|» Responsible Tourism Showcase
ETC 2009 Responsible Tourism Showcase Runner-Up
Amazon Explorama Lodges
Conservación de la Naturaleza Amazónica
del Peru, A.C.
Nominated by International Expeditions, Inc.
The words “Amazon jungle” evoke images of lush plant life growing in wild profusion, of colorful birds and strange animals, of head-shrinking natives subduing their victims with poison darts and early explorers hacking their way through dense undergrowth. From the observations and insights of Charles Darwin and other scientists that followed him, we have learned much about the Amazon rainforest and its creatures. Even today during the age of laptop computers and Internet access, the mere mention of the Amazon continues to create sensations of the mysterious and the exotic. The global awareness of the importance and necessity of a healthy rainforest has been heightened in recent years with a nearly worldwide consensus of the existence of global warming and the role the rainforest plays in this interdependent world in which we live.
Explorama is at the center of this important area, with its offices located in Iquitos, Peru. From this point, where the headwaters form the Amazon River and it begins the 2,000-mile journey to the Atlantic Ocean, Explorama operates five tourist lodges in the jungle with one lodge, ACTS, designated as a bio-research station. This lodge’s purpose is to further the conservation and study of rainforests by scientific researchers by disseminating information and providing educational opportunities through access to tropical rainforests. Students and visitors can participate in field courses and programs where scientists conduct actual field studies, while on-going research continues.
Having started over 44 years ago and still continuing in the day-to-day operations of Explorama is Peter Jenson, an American who had the vision, determination, and perseverance to dedicate his life to Explorama and the Amazon rainforest. Although ecotourism seems a new and trendy concept, it’s an old and driving force for Mr. Jenson, his business partners and all the staff at Explorama Lodges.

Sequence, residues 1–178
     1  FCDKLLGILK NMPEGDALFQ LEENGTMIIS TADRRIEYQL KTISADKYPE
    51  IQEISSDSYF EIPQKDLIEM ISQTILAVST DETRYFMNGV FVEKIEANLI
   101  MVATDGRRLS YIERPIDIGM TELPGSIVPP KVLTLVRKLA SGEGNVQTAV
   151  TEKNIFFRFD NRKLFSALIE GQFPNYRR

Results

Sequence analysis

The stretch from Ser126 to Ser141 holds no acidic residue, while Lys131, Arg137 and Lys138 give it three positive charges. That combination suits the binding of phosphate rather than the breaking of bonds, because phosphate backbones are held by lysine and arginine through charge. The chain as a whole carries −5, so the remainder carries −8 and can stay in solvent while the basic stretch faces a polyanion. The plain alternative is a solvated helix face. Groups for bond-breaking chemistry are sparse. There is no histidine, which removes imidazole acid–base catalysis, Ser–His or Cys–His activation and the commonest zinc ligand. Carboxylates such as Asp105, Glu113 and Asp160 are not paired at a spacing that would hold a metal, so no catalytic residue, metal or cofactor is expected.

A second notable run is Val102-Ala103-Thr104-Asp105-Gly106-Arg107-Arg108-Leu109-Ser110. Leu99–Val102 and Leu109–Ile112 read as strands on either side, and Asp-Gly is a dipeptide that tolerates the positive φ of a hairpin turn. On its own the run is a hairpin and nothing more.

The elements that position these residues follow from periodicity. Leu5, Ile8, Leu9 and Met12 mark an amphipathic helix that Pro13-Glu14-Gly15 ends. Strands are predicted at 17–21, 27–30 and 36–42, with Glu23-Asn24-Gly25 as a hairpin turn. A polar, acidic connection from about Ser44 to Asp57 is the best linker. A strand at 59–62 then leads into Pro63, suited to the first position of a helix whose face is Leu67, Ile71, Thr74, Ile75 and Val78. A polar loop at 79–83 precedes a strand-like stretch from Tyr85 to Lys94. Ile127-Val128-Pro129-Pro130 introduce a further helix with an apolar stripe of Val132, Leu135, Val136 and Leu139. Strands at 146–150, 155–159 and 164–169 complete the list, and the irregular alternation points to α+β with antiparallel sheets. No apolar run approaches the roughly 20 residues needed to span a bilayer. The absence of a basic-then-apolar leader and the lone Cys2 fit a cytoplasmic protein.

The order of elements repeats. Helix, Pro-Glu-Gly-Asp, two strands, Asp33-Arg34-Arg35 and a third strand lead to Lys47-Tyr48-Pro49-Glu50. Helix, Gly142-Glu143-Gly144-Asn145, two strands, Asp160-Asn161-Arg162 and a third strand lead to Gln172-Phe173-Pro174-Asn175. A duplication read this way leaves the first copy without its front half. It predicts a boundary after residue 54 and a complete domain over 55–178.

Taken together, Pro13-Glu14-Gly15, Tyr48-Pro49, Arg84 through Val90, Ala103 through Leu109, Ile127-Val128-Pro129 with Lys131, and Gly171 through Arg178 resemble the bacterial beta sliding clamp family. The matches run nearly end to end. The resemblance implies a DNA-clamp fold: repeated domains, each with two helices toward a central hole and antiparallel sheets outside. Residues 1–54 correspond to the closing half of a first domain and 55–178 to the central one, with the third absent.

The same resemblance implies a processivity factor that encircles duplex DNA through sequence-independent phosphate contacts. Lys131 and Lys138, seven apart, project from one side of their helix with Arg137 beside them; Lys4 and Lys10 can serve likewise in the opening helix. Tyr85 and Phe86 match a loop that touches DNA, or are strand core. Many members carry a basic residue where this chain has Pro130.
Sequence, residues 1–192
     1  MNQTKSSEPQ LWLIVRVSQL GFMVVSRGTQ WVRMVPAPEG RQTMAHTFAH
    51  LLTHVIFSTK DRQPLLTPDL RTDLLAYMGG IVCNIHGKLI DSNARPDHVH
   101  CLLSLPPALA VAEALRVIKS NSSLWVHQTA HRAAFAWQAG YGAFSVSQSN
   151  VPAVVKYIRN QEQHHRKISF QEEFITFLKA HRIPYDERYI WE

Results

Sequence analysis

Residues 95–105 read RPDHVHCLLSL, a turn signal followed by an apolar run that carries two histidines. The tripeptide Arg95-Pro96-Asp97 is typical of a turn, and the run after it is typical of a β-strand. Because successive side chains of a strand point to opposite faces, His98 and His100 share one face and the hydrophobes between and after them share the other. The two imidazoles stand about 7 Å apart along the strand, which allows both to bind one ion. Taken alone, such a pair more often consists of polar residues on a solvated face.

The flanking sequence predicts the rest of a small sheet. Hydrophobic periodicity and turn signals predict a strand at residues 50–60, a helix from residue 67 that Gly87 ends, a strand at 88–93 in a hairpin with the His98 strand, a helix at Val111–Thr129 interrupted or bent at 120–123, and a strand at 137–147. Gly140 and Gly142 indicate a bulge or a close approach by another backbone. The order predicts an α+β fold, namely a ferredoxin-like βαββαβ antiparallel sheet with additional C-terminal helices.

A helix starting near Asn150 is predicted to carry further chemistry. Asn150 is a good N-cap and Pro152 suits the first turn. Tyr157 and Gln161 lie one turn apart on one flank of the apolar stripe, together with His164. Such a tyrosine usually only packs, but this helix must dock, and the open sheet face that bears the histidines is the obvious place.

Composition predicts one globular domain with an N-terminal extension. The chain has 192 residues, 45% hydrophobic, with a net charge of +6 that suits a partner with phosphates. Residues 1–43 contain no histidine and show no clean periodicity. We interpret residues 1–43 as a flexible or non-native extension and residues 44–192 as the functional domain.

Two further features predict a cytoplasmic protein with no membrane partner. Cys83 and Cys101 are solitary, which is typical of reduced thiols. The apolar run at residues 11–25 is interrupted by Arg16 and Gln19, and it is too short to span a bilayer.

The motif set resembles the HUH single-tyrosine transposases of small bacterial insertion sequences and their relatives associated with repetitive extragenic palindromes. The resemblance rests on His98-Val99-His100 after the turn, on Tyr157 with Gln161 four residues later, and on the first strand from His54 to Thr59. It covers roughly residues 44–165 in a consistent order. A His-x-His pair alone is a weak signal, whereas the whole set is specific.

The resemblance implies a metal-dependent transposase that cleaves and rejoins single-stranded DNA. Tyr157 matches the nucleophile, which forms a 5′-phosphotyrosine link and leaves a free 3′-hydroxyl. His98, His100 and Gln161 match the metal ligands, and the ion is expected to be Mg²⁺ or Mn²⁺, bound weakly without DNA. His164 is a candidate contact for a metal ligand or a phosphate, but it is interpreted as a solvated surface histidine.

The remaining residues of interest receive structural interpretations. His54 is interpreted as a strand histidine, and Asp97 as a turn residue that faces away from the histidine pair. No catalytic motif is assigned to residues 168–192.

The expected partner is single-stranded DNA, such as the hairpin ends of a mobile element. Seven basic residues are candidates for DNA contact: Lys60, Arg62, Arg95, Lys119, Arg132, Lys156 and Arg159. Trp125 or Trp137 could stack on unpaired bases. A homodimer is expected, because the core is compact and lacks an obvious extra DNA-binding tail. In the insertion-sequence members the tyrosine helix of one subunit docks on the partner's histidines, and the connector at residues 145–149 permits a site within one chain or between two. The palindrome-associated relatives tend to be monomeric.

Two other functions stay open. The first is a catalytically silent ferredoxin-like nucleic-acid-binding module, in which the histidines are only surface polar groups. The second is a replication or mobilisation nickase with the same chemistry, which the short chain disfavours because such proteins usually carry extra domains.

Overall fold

With the many pressures on the rainforest, from questionable logging, over-hunting of wild animal populations, clear-cutting for crops, and pollution to land and water, ecotourism seeks an alternative approach to the utilization of the rainforest. To be successful, it must have a minimal impact on the environment while at the same time show visitors the rainforest’s biodiversity and beauty. In order to be considered an ecotourism company, it is essential that tourist facilities minimally impact the surrounding forest, that alternative sources of income to local residents be provided, and that education about rainforest conservation be included for both local inhabitants and visitors. The protection of rainforest land through the establishment of reserves should also be a priority for companies working in these areas. Explorama Lodges has been involved in all of these practices, and more, long before the term “ecotourism” became popular.
BENEFITS FOR THE LOCAL COMMUNITY
With the many goals Explorama set out to achieve, it became clear that a separate entity needed to be created for oversight and management of the projects necessary for these efforts. Thus in 1990, a non-profit, non-governmental organization named CONAPAC (Conservación de la Naturaleza Amazónica del Perú) was formed under the auspices of Explorama Lodges. CONAPAC is supported by Explorama and is funded by guests of Explorama Lodges. Each tourist who visits Explorama's privately owned and protected Primary Rainforest Reserves has a portion of their tour program cost donated by Explorama Lodges to CONAPAC. Overhead costs of CONAPAC, such as boats and drivers, guides, office space, support staff, and office expenses are contributed by Explorama Lodges so that donations can be used exclusively for conservation purposes and projects. CONAPAC also works in cooperation and collaboration with several governmental and non-governmental organizations such as the local Peruvian Public Amazonian University, the local Peruvian Government-sponsored scientific Investigative Institute, the local Regional Board of Education, and, in the United States, the Detroit Zoological Institute and International Expeditions (IE).